I'm a little baffled about this: Let's say I want to compare the average income of 2 countries, A and B. Of course I'm interested in the real income so I adjust to PPP using the big mac index of that given year (dividing the average salary by some constant). Now I do it again, but 10 years later (with the big mac index of t = 10).

Question - Can I compare the adjusted average salary of country A, t=0 to the adjusted average salary of country A, t=10?

One can argue that no, because the index used for PPP adjustment changed over time, so we need to take account for this. That's why when you adjust for inflation you have specify to which year the prices have been fixed. You can't compare a real salary adjusted to 2003 prices to a real salary adjusted to 2013 prices.

My logic says yes, because assuming that McDonalds hasn't changed their Big Mac over the past 10 years, the unit of choice remained that same - one delicious burger and it's NOT like adjusting to inflation (in which you have to randomly assign a base year).

  • $\begingroup$ Is the answer what you are looking for? If not, let me know. $\endgroup$ – luchonacho Aug 22 '17 at 12:20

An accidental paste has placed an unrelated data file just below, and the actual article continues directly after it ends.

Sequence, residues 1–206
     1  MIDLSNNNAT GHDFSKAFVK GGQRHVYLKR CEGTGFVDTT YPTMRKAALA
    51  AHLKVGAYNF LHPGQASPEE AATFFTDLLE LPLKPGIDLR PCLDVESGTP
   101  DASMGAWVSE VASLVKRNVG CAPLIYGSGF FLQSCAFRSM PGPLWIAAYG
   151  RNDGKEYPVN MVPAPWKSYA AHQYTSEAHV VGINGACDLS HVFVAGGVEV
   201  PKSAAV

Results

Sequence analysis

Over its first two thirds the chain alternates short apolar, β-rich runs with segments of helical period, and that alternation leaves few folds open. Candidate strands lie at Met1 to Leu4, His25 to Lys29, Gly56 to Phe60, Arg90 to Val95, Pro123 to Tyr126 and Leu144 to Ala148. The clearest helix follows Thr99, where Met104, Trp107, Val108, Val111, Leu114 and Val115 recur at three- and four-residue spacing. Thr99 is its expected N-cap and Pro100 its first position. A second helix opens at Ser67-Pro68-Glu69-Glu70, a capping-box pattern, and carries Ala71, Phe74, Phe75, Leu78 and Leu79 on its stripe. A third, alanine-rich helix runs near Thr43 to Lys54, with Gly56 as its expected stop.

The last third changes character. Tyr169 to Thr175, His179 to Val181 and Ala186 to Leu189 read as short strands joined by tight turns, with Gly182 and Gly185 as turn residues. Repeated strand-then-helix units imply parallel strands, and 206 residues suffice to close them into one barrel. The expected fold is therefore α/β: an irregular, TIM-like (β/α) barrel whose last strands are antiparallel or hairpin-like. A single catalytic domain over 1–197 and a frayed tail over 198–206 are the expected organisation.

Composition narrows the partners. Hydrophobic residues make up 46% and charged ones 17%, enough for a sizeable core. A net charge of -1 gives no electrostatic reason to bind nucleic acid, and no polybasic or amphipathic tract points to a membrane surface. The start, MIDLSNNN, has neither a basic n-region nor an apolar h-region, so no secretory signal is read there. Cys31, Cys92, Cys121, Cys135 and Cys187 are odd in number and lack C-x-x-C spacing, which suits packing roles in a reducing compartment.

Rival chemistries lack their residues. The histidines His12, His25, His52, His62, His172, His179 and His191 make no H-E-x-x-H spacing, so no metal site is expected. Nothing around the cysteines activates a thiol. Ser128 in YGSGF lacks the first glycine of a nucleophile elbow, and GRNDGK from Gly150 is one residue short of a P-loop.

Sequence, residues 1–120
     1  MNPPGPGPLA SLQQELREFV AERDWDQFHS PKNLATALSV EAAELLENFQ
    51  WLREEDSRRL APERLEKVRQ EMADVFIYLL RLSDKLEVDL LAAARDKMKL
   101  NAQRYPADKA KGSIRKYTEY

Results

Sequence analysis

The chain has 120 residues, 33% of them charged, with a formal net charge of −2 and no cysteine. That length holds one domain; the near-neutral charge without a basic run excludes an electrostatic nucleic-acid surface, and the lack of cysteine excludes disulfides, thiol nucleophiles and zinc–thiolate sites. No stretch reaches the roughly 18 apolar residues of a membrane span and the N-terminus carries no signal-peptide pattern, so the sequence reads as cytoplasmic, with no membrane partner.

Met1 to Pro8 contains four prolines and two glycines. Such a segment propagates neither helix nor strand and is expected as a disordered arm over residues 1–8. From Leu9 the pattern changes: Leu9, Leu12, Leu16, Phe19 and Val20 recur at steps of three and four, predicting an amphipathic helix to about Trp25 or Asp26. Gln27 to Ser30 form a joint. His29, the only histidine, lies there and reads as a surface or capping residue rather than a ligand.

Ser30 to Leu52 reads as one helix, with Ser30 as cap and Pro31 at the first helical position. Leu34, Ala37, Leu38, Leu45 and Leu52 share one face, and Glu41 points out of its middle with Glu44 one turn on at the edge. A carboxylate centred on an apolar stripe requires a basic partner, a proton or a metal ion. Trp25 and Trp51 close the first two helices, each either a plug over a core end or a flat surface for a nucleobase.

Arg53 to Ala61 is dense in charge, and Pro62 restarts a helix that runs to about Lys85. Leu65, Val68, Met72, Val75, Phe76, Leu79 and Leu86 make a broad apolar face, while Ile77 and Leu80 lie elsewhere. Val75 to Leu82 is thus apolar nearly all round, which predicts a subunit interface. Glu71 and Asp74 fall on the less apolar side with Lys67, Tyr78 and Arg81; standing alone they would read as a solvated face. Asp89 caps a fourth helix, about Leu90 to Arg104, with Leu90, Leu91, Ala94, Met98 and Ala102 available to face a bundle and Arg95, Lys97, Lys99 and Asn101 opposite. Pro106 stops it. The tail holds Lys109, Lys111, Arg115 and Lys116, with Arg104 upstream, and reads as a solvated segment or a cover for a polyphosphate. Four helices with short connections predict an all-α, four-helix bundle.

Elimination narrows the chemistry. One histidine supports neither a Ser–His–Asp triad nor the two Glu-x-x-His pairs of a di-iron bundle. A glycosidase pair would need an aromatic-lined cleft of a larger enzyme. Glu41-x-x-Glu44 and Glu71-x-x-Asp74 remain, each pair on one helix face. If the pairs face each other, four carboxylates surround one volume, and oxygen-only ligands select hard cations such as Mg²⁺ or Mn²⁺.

• $\begingroup$ Even if the Big Mac hasn’t changed over time, the social meaning of the Big Mac has. Consider the Big Mac or Play Station PPP commodity bundle index of 1789? $\endgroup$ – Samuel Russell Nov 15 '18 at 2:35

As you can see from the official dataset, the index changes over time. Therefore, by comparing a variable $x$ in two time periods using a different index for each period, the total change is a combination of changes in the variable $x$ and changes in the index. In other words, you are comparing:

$$ \frac{x_0}{p_0} \text{ versus } \frac{x_{10}}{p_{10}} $$

From the above you cannot tell how much of the difference is due to changes in $x$ and in the index, $p$.

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